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Posts Tagged ‘female athletes’

Here's A Soccer Story You Will (Guaranteed) Enjoy

In sports, women on June 15, 2010 at 12:59 pm
A football (or soccer ball) icon.

Image via Wikipedia

Loved this story in The New York Times:

About 1:45 p.m. Sunday afternoon, a caravan of luxury cars and sport utility vehicles roared into the park where hundreds of supporters had been waiting. President Jacob Zuma had arrived. The president was in this town, about 260 miles northeast of Johannesburg, to commemorate the life of Peter Mokaba, an antiapartheid activist.

Five days before the start of the World Cup, the stars of the celebration were a soccer team — a group of 35 women ages 49 to 84. After the speeches and ceremonies, the team, Vakhegula Vakhegula (Grannies Grannies), would play an exhibition game.

Beka Ntsanwisi founded Vakhegula Vakhegula five years ago as a way of providing inspiration for older women. The team usually plays its league games on Saturdays, but this was a special day with the president coming. And Ntsanwisi wanted to have a word with the president.

From the team’s meager beginning, Vakhegula Vakhegula have become well known in the region, and news of the team has spread to the United States. The team received an invitation to compete in the Veterans Cup, a tournament for teams with players 30 or older, next month in Lancaster, Mass.

I posted last week a story I wrote for the Times about my suburban adult softball team, with whom I’ve been playing for nine years, a group of men and women whose friendship — and athletic skills — have made my life incomparably more joyful.

Like the Grannies, our games are intergenerational and as much about having fun with people we truly enjoy as competing in a sport. I love knowing that sports, and sports-related friendships, are enjoyed just as much by other women around the world.

For Onica Ndzhovela, the Grannies helped her spirit from being broken. She had 12 children; 8 of them died.

“People were saying I was mad,” Ndzhovela said. “I was not mad; I had a lot of stress. It’s not easy to lose eight.”

The Grannies became her family; the soccer competition became an emotional outlet.

Female Athletes Almost Invisible On Television — Except Abby Sunderland

In sports, women on June 11, 2010 at 10:12 pm
Lorena Ochoa (MEX) on the day before 2008 Mast...

Lorena Ochoa. Image via Wikipedia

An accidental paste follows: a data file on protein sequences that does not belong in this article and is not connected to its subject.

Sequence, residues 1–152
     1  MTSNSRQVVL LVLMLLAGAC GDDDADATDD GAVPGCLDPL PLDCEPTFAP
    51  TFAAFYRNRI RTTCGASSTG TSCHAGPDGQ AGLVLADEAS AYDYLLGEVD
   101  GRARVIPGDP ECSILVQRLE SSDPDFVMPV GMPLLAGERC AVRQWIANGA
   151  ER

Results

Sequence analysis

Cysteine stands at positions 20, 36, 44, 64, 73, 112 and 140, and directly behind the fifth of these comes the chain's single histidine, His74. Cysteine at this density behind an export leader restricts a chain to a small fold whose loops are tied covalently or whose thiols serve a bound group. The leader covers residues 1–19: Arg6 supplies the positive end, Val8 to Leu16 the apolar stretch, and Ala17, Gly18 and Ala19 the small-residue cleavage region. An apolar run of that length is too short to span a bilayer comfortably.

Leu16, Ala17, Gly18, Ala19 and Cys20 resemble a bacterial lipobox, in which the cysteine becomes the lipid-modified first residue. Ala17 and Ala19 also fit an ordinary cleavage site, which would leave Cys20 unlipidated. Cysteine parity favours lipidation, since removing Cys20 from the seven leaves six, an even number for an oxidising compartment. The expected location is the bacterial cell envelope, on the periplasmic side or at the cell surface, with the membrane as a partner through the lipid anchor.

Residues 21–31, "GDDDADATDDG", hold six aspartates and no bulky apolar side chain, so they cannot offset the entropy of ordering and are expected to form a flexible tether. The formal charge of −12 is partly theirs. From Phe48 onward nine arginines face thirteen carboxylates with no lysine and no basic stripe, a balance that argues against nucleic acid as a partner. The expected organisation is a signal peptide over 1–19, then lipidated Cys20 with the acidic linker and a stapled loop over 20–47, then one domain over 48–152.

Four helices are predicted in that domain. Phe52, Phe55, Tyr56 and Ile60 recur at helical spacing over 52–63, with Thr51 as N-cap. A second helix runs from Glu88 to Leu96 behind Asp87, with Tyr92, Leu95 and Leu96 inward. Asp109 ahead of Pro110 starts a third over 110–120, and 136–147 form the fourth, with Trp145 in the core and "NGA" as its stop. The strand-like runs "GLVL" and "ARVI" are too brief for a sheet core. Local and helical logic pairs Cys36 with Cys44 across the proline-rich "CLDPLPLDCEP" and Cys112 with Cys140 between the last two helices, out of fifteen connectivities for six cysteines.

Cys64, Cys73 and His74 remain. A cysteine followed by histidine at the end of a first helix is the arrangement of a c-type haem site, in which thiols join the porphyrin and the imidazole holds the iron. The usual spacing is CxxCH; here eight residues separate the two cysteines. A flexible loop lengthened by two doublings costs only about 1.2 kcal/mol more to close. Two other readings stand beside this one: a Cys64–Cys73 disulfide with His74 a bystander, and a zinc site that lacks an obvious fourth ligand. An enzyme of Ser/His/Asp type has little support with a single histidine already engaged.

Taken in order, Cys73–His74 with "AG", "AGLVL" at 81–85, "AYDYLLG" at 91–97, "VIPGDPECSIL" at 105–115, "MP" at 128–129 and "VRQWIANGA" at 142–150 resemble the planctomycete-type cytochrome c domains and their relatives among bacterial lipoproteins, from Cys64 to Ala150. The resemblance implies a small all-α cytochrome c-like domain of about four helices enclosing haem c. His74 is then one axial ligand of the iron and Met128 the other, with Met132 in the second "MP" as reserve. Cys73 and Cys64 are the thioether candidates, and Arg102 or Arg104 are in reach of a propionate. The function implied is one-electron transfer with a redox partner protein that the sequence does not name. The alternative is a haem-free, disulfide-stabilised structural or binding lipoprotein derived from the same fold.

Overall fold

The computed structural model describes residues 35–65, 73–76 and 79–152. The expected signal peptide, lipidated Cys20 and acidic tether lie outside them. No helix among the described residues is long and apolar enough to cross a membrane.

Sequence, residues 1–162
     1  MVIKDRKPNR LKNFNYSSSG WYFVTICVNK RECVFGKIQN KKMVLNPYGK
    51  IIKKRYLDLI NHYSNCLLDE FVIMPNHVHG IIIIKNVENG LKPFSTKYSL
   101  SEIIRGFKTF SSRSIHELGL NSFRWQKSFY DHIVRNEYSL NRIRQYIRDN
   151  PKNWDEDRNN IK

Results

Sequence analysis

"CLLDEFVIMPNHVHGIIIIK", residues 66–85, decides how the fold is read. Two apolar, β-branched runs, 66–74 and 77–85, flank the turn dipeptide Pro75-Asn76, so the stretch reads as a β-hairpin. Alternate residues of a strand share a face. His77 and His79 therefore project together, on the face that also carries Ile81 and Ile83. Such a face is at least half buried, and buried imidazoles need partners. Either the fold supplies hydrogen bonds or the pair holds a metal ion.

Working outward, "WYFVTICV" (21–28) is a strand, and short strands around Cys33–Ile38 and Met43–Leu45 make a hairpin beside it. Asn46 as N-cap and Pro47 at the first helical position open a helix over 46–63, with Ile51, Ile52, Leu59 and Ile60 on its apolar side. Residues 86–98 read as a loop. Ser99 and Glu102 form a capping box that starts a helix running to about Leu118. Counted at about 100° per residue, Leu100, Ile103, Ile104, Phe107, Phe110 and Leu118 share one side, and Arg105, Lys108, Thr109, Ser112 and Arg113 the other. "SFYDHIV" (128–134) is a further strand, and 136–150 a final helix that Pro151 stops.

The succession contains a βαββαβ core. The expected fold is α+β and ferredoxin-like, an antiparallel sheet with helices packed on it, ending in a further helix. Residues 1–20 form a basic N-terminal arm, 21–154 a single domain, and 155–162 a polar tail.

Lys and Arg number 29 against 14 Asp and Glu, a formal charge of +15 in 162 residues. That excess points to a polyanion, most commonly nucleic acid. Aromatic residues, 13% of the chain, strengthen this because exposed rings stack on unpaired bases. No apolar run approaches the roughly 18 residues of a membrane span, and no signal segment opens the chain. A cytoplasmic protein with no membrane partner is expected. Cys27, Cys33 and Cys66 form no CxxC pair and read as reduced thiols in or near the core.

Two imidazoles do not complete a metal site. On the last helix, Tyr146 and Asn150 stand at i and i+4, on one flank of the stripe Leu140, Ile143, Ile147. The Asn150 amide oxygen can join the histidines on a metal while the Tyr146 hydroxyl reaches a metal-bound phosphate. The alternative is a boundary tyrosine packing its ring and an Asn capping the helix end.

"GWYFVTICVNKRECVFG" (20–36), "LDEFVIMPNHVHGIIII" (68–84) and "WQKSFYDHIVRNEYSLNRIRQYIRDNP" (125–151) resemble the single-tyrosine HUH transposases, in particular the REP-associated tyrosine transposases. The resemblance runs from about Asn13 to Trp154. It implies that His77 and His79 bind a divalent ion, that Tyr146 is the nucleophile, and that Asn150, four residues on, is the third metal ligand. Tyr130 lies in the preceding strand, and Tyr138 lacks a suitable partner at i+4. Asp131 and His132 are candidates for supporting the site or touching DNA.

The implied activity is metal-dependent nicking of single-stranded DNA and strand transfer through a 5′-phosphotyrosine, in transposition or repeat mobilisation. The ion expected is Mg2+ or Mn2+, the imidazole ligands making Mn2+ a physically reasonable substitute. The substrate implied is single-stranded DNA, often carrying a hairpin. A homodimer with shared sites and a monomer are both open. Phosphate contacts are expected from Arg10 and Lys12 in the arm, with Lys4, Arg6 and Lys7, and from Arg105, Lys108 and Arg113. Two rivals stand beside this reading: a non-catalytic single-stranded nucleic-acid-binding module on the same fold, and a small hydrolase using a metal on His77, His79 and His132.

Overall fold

Women athletes are getting even less visible (if that’s possible) on television, according to a new study.

In 2004, they got a big 5.6 percent of network news coverage and today get — wait for it — 1.6 percent.

This, in the era of awesome women like race car driver Danica Patrick, golfer Michelle Wie, tennis stars Serena and Venus Williams, (recently retired) golfer Lorena Ochoa — and the wave of Korean women now dominating the LPGA.

Here’s an interesting post on what this might do to young girls who dream of sports careers. If you don’t see people like you (hello, men’s pro sports) playing at the highest levels of amateur, elite and professional sport, let alone talking about how they train, recover from surgery and injury, choose and work with their coaches, caddies and trainers — how will today’s eager young girls know it’s possible for them as well?

Anyone remember the media frenzy over soccer star Mia Hamm, who won Olympic gold in 1996 and 2004? Athletic little girls, and teens, need powerful, cool women role models much more than little boys — there’s no lack of guys on TV playing sports.

I burst into tears of pride and awe when the U.S. women took bronze, silver and gold (!!!) in saber fencing at the 2008 Olympics — because I was one of the first women (of about 300) to compete nationally in saber, back when it was considered too dangerous for women in the Olympics. That was only in the 1990s…Women who make sports history are often inspired by other women.

Ever heard of Isabelle Autissier? She’s my idol, a solo sailor in some of the world’s toughest races. She had to be rescued when her yacht went down mid-race.

I bet you Abby Sunderland, the 16-year-old sailor who’s been making headlines this week, knows exactly who she is.

Why are women athletes deemed so non-newsworthy?

This Kick-Ass Athlete Isn't Skinny (And Wears $1,000 Heels)

In sports, women on May 26, 2010 at 11:58 am
HAVRE DE GRACE, MD - JUNE 09: Christina Kim (U...

Image via Wikipedia

Love this profile of pro golfer Christina Kim, from The Wall Street Journal: